In memory of Nancy Thorp, who attended Hollins from 1956 to 1958, this award is given to an undergraduate student who has written the best poem to appear in the student-produced literary magazine Cargoes.

Nicole Kohn Film Award
Anja Elizabeth Holland ’21
This award is given in memory of Nicole Kohn, class of 2002, to a filmmaking student of exceptional promise.

Patricia Dowd Overall Award
Mary Rose Christian ’21
Patricia Dowd Overall is a member of the class of 1954. In her honor a prize is given annually to the student who, in the judgment of the department of education, has demonstrated in the schoolroom the greatest mastery and promise in the art of teaching.

Pi Sigma Alpha Award
Saoirse Eire Healy ’21
This award is given to the senior with the highest grade point average in courses taken in political science.

Sarah McCutchen Cook International Studies Award
Christine Marie Emeric-Martinez ’22
The purpose of this award is to recognize an outstanding undergraduate student majoring in international studies.

Stephanie Mahan Hispanophile Award
Mary Elisabeth Cochran ’21
This award is given to a senior Spanish major or minor whose enthusiasm and outstanding interest in things Hispanic most closely mirror the example set by Stephanie Lynn Mahan, class of 1995. Specifically, this student must have sought out first-hand experience in the Spanish-speaking world, and must have generously shared her knowledge of that world with her peers.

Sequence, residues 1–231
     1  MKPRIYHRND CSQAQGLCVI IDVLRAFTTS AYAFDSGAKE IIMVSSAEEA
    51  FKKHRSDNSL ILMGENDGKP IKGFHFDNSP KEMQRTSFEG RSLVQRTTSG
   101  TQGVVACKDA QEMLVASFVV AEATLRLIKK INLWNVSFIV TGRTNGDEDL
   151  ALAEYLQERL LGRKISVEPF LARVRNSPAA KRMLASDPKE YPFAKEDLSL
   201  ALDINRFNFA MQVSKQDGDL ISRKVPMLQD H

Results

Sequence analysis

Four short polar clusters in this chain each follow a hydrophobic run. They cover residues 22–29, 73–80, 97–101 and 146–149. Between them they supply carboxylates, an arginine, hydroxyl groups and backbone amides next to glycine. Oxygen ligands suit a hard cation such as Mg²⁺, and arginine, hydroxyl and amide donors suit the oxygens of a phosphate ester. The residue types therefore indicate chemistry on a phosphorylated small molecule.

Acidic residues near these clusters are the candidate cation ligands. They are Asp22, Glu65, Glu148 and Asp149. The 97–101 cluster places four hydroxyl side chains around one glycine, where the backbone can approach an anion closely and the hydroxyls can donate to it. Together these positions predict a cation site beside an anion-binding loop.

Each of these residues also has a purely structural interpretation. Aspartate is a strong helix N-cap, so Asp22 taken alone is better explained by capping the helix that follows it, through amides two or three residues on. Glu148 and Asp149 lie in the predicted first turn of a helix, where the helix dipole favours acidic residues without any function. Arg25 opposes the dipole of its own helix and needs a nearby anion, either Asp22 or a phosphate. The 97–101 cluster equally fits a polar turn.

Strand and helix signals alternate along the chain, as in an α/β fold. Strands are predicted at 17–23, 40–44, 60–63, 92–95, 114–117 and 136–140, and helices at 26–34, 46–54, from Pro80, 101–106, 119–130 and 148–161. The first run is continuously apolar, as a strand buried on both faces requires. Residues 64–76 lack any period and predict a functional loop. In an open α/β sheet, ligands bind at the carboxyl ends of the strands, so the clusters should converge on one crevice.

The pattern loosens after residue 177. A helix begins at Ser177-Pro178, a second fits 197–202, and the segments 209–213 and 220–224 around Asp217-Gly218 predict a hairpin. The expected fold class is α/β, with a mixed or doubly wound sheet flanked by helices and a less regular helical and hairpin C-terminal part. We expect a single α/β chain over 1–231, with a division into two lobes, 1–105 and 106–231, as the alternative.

Wyndham Robertson Library Undergraduate Research Award
Faith Jaqueline Clarkson ’22
Joanna “Jay” Wright ’21
Established in 2011 by the library for the recognition of exemplary undergraduate student research projects completed in Hollins courses. Two prizes are awarded, one to a first-year or sophomore and one to a junior or senior.

FACULTY AWARDS

The Herta Freitag Faculty Legacy Award
Ángel Diaz, professor of Spanish
Awarded to a full-time teaching faculty member who has received external recognition of professional excellence from the last three years in the form of publications and papers, exhibits and performances, prizes, and other related expressions of their work.

Senior Class Faculty Award